This Is Russian Football Life…
By FirstDown PlayBook on Oct 3, 2018

Recently, we met Anton Voronin. Anton is a FirstDown PlayBook member and he contacted us with some questions about his playbook.

Anton is just like you and us. He is passionate about the game of football and he is still playing the game into his 30’s. The biggest difference? Anton plays football for the Tula Tarantula football team in Russia.

When we heard this we were totally intrigued and asked if Anton if he would sit down with us for a little Q&A session so that we could learn and share with you a little bit about football life in Russia. He graciously said yes and you will enjoy his passion and perspective as he explains Russian Football Life. FirstDown PlayBook has lightly modified some of the answers for translation purposes only.

FDPB: Football in Russia? Really? We don’t normally think about American football being a part of Russia.

ANTON: Yeah… tell me about it. 

The first thing you have to know – there is no professional football in Russia. No one is getting paid. We all play because we love it. No team has donations from the government (unless the team members are governmental people, but I only know of one case), there are no school or varsity teams\leagues. There are no basics.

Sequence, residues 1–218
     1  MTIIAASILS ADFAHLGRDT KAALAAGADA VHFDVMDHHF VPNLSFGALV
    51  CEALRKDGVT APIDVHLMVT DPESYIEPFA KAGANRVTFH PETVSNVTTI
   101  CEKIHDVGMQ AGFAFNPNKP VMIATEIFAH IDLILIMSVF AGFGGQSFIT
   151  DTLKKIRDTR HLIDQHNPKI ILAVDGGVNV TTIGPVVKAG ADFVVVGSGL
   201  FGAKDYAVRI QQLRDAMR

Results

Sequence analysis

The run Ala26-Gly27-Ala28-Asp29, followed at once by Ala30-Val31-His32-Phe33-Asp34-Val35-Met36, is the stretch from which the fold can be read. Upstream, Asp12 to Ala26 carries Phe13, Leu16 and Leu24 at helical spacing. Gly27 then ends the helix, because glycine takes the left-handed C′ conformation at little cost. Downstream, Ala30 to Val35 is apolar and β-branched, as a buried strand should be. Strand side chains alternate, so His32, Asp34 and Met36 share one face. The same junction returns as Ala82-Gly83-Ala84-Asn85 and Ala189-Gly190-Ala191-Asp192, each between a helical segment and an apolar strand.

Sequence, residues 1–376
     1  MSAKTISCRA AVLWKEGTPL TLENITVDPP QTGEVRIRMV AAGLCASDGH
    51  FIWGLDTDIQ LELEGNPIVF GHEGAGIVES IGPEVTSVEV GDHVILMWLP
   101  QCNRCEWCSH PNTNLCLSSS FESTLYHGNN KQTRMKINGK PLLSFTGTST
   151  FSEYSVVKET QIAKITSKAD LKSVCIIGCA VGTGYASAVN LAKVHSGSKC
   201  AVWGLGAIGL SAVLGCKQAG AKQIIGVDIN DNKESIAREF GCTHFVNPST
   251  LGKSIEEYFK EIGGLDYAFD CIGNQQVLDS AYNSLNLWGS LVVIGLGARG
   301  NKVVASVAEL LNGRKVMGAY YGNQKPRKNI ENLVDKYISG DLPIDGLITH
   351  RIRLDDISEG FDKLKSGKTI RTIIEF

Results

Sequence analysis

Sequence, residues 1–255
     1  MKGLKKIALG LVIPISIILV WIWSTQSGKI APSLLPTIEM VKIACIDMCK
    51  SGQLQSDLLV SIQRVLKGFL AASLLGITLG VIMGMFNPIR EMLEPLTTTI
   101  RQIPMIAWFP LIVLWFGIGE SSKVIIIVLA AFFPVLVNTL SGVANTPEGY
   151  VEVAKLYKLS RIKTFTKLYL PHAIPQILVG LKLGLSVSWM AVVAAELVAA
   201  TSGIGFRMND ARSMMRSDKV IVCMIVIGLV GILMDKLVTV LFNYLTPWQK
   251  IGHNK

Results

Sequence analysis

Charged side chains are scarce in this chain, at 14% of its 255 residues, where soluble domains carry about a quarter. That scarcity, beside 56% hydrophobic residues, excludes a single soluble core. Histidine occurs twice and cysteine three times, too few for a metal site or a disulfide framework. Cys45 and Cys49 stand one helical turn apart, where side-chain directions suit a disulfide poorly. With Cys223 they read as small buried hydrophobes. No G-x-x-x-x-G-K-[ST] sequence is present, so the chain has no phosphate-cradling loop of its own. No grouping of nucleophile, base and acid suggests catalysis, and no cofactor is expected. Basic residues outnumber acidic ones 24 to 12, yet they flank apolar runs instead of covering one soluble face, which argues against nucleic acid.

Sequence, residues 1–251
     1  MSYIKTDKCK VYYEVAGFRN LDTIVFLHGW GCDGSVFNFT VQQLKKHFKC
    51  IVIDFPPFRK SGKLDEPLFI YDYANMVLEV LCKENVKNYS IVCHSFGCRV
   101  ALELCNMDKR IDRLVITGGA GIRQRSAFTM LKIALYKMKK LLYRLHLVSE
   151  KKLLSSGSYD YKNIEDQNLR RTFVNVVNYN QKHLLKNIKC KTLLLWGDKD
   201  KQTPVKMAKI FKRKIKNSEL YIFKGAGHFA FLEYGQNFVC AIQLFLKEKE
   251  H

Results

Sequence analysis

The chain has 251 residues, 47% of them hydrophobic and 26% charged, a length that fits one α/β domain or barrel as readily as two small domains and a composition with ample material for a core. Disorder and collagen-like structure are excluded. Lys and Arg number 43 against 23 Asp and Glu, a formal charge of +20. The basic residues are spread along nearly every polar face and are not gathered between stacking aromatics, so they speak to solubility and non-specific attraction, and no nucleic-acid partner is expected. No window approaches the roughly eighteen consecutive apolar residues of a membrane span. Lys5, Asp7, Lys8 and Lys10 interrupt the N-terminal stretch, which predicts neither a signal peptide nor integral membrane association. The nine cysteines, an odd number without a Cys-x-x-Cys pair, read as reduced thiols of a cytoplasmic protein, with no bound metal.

Government has a budget for sports development but they would not give us much as they prioritize Olympics sports first. They don’t really care if we want to give up bad habits, spend more time practicing…no one really needs it. They wouldn’t give us a football field inside the city to have our games (not even talking about practicing). So we pay our own money to rent the field to be able to play.

One thing we had from the Tula region government so far is free of charge time on a wooden floor basketball court 3 times a week for practice. We start Monday, Wednesday and Friday at 10 pm. I come back home at about 1 am and still have to wake up for work the very same morning…

Second, we always call it American Football, as people here would call soccer, football. This is too bad because of the current situation between our countries, the extra mentioning of America in social life doesn’t help much. 

For example, we once went out posting posters all around the city to get as many recruits as possible and one of the main targets was Pedagogical University in Tula. They said we can’t put a poster on the wall because it contained THE word American before football… 

Really???

FDPB: Please explain how your team and league started.

ANTON: The team was started 3 years ago in September 2015.

Although I’m a short guy, I was playing basketball all my life (non-pro). Thank God my father told me to stop dreaming of sports and do more studies. So after graduating from Moscow Law School, I went to France to study economics. Sports always helped me find new friends and was my way of socializing in the new environment. I played on both my RU and FR universities basketball teams. Although this is nothing like in the US, believe me. 

ANTON: Our League…